30th Annual SSRL Users' Meeting — October 9-10, 2003

A Conformational Mimic of the MgATP Bound "On State" of the Nitrogenase Fe Protein

J. W. Peters,1 S. Sen,1 R. Igarashi,2 A. Smith,3 M. K. Johnson,3 and L. C. Seefeldt2

1Department of Chemistry and Biochemistry, Montana State University, Bozeman, MT 59717 USA
2Department of Chemistry and Biochemistry, Utah State University, Logan, UT 84322 USA
3Department of Chemistry and Center for Metalloenzyme Studies, University of Georgia, Athens, GA 30602 USA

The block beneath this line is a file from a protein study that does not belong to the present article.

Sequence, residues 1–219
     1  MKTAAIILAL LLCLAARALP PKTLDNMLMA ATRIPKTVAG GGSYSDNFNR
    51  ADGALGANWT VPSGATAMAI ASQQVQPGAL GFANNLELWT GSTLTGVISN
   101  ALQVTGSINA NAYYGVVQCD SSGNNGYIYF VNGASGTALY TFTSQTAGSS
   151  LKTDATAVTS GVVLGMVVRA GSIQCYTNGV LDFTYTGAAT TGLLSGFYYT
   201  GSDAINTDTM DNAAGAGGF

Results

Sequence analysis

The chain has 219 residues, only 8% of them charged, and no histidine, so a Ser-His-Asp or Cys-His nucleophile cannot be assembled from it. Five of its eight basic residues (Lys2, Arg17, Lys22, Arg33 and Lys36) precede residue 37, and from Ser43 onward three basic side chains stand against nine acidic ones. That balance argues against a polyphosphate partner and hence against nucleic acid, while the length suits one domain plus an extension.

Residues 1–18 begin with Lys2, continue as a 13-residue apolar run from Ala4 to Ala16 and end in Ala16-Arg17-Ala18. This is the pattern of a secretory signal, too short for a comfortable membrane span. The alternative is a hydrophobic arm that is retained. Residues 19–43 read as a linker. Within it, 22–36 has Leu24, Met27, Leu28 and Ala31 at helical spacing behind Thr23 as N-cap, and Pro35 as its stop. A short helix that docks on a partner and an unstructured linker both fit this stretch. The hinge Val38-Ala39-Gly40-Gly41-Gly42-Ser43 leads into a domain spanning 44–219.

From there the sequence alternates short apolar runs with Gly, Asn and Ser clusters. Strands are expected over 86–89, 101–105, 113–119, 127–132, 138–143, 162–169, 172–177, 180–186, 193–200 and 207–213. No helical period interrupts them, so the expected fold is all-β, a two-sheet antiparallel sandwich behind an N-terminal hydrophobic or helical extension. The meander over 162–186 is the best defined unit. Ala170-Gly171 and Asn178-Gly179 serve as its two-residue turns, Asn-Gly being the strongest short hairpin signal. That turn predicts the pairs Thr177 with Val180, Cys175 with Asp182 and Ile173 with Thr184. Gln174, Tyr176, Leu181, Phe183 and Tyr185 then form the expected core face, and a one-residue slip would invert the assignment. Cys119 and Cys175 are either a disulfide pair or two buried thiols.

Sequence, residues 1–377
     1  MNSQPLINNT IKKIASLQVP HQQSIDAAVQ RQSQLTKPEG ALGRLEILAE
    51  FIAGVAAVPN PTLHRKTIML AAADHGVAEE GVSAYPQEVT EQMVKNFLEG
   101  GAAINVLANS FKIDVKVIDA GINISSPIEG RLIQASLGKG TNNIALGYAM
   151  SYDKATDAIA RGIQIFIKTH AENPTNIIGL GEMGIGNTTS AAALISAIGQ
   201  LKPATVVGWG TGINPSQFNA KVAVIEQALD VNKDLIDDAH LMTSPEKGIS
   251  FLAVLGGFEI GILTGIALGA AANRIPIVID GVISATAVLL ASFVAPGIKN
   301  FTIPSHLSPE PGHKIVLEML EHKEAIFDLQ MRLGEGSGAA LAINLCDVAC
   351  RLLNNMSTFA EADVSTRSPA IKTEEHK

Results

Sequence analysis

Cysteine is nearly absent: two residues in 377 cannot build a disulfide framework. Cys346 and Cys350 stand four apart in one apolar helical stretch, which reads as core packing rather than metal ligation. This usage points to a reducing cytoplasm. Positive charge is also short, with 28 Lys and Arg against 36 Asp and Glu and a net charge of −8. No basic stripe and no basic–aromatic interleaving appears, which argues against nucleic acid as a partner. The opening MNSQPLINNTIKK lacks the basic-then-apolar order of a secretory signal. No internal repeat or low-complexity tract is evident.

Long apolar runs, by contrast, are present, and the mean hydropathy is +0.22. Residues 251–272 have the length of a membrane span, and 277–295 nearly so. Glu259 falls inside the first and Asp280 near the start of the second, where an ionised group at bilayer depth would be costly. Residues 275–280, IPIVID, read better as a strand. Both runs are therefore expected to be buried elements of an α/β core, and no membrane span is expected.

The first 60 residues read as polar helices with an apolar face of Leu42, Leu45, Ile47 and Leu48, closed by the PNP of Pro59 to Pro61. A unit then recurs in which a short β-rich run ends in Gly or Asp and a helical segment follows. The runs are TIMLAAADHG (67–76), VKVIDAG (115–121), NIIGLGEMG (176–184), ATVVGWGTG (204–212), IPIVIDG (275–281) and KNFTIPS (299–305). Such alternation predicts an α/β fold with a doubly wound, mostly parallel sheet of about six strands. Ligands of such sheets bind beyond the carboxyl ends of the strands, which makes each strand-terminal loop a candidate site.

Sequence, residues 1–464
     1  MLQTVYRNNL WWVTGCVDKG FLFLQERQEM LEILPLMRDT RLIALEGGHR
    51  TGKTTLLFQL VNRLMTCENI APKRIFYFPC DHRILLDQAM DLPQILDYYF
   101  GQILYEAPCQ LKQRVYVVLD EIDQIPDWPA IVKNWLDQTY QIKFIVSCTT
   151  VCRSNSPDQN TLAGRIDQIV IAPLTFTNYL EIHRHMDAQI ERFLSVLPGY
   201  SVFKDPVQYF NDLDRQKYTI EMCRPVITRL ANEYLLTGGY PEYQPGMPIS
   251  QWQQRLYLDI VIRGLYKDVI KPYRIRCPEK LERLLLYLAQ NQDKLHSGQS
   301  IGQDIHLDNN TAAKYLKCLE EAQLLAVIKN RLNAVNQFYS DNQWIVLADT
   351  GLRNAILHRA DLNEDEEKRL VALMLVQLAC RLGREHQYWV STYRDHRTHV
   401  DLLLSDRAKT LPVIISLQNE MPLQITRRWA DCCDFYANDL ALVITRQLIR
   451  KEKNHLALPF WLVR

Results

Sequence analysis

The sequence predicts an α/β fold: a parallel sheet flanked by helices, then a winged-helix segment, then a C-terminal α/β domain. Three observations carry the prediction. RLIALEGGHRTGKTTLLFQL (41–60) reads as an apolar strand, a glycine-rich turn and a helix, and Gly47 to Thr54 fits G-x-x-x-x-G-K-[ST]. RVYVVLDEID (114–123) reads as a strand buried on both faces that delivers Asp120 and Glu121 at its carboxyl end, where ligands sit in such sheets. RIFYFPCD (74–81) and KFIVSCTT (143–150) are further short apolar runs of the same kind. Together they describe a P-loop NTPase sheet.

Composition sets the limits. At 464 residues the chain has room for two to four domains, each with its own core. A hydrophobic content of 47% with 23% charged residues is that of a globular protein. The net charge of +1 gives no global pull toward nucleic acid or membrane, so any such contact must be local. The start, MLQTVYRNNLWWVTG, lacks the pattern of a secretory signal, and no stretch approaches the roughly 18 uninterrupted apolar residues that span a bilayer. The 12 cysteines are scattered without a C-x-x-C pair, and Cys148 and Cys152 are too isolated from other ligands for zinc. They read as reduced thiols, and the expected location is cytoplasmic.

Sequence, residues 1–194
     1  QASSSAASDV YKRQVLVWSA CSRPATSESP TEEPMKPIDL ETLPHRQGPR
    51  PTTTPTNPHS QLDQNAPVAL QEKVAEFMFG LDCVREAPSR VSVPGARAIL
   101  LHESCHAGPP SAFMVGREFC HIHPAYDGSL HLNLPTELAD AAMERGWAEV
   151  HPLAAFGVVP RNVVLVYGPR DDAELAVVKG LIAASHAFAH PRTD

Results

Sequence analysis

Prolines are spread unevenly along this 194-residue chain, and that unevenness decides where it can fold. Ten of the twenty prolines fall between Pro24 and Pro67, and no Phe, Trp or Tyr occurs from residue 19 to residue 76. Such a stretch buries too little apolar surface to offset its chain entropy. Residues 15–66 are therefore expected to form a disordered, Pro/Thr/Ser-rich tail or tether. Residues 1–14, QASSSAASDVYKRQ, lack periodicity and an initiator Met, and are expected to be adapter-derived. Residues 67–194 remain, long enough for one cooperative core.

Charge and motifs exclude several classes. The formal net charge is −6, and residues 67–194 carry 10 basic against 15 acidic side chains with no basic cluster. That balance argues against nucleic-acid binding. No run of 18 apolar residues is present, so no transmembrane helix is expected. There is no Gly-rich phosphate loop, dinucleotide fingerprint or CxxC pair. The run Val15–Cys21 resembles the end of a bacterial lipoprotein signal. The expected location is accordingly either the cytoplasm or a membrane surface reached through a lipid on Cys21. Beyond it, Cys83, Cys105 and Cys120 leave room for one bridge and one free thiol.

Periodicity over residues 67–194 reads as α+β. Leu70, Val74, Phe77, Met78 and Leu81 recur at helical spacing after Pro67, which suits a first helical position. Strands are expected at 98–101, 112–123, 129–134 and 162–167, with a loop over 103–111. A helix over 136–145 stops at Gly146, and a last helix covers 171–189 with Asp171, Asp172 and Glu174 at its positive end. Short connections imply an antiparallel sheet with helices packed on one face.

Biological nitrogen fixation is catalyzed by the complex metal containing enzyme termed nitrogenase. This enzyme is composed of two separable metal-containing enzyme components that interact with each other to catalyze MgATP hydrolysis, intermolecular electron transfer and the reduction of dinitrogen gas to ammonia. The crystal structure of a nitrogenase Fe protein single site deletion variant reveals a distinctly new conformation of the Fe protein and indicates that upon binding of MgATP, the Fe protein undergoes a dramatic conformational change that is largely manifested in the rigid body reorientation of the homodomeric Fe protein subunits with respect to one another. The observed conformational state allows the rationalization of a model of structurally and chemically complementary interactions that occur upon initial complex formation with the MoFe protein component that are distinct from the protein-protein interactions that have been characterized previously for stabilized nitrogenase complexes. The crystallographic results, in combination with complementary UV-visible absorption, EPR and resonance Raman spectroscopic data, indicate that the [4Fe-4S] cluster of both the Fe protein deletion variant and the native Fe protein in the presence of MgATP can reversibly cycle between a regular cubane-type [4Fe-4S] cluster in the reduced state and cleaved form involving two [2Fe-2S] fragments in the oxidized state. Resonance Raman studies indicate that this novel cluster conversion is induced by glycerol and the crystallographic data suggest that glycerol is bound as a bridging bidentate ligand to both [2Fe-2S] clusters fragments in the oxidized state.